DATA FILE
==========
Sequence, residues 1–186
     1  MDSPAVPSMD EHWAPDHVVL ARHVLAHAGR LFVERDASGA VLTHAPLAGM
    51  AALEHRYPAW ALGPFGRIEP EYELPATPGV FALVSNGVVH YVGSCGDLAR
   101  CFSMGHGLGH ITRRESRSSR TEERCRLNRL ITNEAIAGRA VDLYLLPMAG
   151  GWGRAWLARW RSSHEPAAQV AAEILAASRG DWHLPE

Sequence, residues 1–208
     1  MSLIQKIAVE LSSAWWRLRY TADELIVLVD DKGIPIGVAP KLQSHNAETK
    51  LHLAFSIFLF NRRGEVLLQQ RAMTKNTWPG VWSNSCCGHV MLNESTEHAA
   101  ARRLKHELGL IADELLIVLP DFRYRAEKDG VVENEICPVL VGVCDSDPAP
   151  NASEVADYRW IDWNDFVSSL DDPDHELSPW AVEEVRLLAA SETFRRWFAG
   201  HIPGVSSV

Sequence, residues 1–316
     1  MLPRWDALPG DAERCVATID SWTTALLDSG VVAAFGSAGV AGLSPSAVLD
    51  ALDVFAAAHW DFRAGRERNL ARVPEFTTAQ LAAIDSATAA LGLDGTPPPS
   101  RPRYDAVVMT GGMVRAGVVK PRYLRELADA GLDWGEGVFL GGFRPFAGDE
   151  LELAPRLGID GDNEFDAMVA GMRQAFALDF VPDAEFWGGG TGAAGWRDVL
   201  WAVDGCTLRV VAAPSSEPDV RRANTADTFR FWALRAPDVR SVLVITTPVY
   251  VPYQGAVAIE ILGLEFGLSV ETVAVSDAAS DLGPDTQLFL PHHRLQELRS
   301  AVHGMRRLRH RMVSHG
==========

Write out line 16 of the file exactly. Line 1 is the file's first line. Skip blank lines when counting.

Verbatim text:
   151  LELAPRLGID GDNEFDAMVA GMRQAFALDF VPDAEFWGGG TGAAGWRDVL